Major new science: Women more nude, more often online

Well, possibly real women ... not real science though


Virtual women are more likely to be naked than virtual men, researchers at the Canadian University of Laval have revealed, after publishing a scientific paper on the topic.

An analysis of nudity in Second Life led the Canadian duo Anna Lomanowska, a psychologistm and Matthieu Guitton, a neuroscientist who specialises in "virtual humans, and human behavior in virtual spaces", to conclude that females on Second Life showed more skin than the men did.

The paper 'Virtually Naked: Virtual Environment Reveals Sex-Dependent Nature of Skin Disclosure' was published in the online journal PLoS One. In it, the authors state the difficulty for researchers in discovering why and when humans get naked, because constraints such as environmental and social factors make the naked impulse hard to isolate.

Isolating on a large scale the spontaneous human tendency to reveal naked skin has remained impossible.

Their solution was to measure nudity on Second Life.

Using the online 3-dimensional virtual world of Second Life, we examined spontaneous human skin-covering behavior unhindered by real-world climatic, environmental, and physical variables.

After studying 400 avatars they found that virtual women wear skimpier clothes than men: 71 per cent of male avatars covered between 75-100 per cent of their skin, while only 5 per cent of females did.

Some 47 per cent of the virtual females they studied covered between 25-49% of their skin, compared to 9 per cent of males. It was unknown whether the female avatars were created by men or women, but the researchers say they factored possible sex-swapping into their statistics. Somehow.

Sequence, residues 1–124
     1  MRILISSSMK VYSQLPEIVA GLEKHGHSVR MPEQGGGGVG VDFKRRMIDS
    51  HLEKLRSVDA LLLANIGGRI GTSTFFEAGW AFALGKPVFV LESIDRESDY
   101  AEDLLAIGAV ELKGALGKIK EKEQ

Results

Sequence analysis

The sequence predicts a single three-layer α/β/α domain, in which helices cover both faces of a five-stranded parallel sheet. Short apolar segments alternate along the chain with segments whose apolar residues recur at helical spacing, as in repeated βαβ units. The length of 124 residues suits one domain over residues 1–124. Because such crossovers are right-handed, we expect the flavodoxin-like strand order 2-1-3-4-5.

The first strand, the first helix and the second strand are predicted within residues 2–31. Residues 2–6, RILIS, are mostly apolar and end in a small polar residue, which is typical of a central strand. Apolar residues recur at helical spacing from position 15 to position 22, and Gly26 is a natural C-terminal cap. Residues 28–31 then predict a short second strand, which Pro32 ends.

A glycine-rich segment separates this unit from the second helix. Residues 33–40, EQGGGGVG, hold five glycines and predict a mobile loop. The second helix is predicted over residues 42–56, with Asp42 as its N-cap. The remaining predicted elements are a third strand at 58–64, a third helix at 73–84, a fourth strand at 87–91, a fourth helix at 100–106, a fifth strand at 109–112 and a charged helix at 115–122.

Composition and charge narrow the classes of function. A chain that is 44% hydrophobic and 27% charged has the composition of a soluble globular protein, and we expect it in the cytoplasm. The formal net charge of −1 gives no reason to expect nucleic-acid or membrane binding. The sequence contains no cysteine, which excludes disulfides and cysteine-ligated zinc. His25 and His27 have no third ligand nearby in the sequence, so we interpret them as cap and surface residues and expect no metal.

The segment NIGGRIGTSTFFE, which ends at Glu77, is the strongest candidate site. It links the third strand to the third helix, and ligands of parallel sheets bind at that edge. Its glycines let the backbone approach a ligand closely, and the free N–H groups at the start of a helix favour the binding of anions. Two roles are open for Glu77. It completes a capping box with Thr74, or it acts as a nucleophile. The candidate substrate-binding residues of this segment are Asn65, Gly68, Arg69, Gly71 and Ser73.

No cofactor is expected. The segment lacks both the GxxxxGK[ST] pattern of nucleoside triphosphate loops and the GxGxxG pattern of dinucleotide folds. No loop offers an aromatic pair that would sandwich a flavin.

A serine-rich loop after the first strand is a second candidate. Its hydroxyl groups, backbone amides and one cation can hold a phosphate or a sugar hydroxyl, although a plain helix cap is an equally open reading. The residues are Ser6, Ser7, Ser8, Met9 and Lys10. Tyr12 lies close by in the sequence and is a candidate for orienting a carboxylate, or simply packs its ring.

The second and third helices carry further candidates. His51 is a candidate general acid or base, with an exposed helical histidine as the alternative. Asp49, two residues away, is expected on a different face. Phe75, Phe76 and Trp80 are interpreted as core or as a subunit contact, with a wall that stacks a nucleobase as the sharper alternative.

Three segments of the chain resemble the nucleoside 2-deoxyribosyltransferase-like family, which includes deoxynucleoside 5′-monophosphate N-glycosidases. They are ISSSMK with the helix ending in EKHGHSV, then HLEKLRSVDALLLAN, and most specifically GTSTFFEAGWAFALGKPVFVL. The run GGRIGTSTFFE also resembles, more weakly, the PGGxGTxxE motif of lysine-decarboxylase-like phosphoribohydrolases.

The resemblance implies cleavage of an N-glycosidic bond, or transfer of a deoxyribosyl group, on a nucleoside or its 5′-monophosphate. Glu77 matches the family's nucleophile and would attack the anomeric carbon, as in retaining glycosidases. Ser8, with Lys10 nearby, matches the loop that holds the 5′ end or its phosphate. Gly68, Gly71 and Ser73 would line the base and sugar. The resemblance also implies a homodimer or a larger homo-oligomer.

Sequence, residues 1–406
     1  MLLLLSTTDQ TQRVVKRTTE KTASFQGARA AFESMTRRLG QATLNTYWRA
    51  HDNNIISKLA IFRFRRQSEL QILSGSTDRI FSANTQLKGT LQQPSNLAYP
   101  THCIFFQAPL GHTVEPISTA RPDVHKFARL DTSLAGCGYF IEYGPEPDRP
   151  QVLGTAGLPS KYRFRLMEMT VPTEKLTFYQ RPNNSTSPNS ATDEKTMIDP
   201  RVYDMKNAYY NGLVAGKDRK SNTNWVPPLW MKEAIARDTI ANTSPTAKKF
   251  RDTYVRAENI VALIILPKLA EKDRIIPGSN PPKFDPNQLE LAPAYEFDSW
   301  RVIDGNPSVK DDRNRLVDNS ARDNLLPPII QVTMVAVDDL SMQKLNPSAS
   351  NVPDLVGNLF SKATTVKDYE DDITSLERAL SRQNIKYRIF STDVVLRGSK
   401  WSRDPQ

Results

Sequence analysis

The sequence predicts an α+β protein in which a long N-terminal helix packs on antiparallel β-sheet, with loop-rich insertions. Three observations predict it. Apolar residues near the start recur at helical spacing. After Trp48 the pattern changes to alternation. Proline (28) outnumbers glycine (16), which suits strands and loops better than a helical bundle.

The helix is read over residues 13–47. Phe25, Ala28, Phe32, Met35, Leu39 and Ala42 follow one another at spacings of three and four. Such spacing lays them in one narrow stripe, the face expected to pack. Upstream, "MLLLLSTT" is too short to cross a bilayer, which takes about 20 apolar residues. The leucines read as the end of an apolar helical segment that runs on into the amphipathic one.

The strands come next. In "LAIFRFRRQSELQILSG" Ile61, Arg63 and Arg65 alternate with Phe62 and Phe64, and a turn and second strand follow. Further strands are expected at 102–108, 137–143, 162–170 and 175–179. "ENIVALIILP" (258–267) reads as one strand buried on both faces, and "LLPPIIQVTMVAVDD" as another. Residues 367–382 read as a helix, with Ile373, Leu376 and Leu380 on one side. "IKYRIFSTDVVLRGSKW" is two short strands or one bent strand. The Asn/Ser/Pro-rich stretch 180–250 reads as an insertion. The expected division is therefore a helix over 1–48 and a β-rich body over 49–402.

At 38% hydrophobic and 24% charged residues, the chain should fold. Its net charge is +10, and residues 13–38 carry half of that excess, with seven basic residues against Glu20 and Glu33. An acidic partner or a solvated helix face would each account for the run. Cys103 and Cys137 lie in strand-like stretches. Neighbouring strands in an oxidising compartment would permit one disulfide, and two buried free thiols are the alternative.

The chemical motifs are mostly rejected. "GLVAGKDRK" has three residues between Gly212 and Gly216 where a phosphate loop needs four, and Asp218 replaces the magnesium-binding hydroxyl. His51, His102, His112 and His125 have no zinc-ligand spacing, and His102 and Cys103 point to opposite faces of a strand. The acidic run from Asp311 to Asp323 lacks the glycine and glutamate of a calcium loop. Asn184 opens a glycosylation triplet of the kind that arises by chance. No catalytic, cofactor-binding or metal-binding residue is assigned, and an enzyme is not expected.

The Canadian eggheads also found the skin baring to be unrelated to the physical attractiveness of the virtual women. They measured the physical attractiveness of the Second Life avatars by measuring the waist-chest ratios for females, and the shoulder-waist ratios for men. The researchers suggested that the avatar clothing choice may have something to do with the representation of women online generally: "one explanation for this sex difference in skin disclosure could be hypersexualization of female virtual representations".

The study authors hope their valuable research will provide a springboard for more important work in the area:

These findings have implications for understanding how sex specific aspects of skin disclosure influence human social interactions in both virtual and real settings.

Canadian taxpayers may be pleased to know that the work was supported by a grant from the Natural Sciences and Engineering Research Council of Canada. ®

Virtually Naked: Virtual Environment Reveals Sex-Dependent Nature of Skin Disclosure, by Lomanowska AM and Guitton MJ is published on PLoS One on 26th December 2012


Other stories you might like

  • VMware claims 'bare-metal' performance on virtualized GPUs
    Is... is that why Broadcom wants to buy it?

    The future of high-performance computing will be virtualized, VMware's Uday Kurkure has told The Register.

    Kurkure, the lead engineer for VMware's performance engineering team, has spent the past five years working on ways to virtualize machine-learning workloads running on accelerators. Earlier this month his team reported "near or better than bare-metal performance" for Bidirectional Encoder Representations from Transformers (BERT) and Mask R-CNN — two popular machine-learning workloads — running on virtualized GPUs (vGPU) connected using Nvidia's NVLink interconnect.

    NVLink enables compute and memory resources to be shared across up to four GPUs over a high-bandwidth mesh fabric operating at 6.25GB/s per lane compared to PCIe 4.0's 2.5GB/s. The interconnect enabled Kurkure's team to pool 160GB of GPU memory from the Dell PowerEdge system's four 40GB Nvidia A100 SXM GPUs.